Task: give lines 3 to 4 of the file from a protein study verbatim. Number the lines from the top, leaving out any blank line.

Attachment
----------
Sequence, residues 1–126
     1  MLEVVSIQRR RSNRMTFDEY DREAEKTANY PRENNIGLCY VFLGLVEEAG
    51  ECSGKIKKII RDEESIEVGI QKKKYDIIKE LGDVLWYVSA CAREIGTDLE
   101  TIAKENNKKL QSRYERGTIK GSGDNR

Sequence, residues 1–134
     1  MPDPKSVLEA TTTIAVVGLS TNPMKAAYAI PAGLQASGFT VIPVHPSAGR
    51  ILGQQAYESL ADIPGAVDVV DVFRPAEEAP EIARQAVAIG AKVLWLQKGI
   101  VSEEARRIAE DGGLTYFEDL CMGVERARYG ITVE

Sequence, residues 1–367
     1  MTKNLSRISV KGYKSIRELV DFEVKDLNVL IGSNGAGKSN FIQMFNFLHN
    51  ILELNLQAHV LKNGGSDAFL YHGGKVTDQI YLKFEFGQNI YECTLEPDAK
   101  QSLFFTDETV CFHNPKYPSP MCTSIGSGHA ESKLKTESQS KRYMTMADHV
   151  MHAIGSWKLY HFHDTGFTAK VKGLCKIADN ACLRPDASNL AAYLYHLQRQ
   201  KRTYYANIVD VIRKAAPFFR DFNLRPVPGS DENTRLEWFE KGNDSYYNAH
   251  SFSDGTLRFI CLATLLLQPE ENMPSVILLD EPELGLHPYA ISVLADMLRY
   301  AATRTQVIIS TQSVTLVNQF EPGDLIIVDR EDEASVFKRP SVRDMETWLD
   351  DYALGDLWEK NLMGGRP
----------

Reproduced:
    51  ECSGKIKKII RDEESIEVGI QKKKYDIIKE LGDVLWYVSA CAREIGTDLE
   101  TIAKENNKKL QSRYERGTIK GSGDNR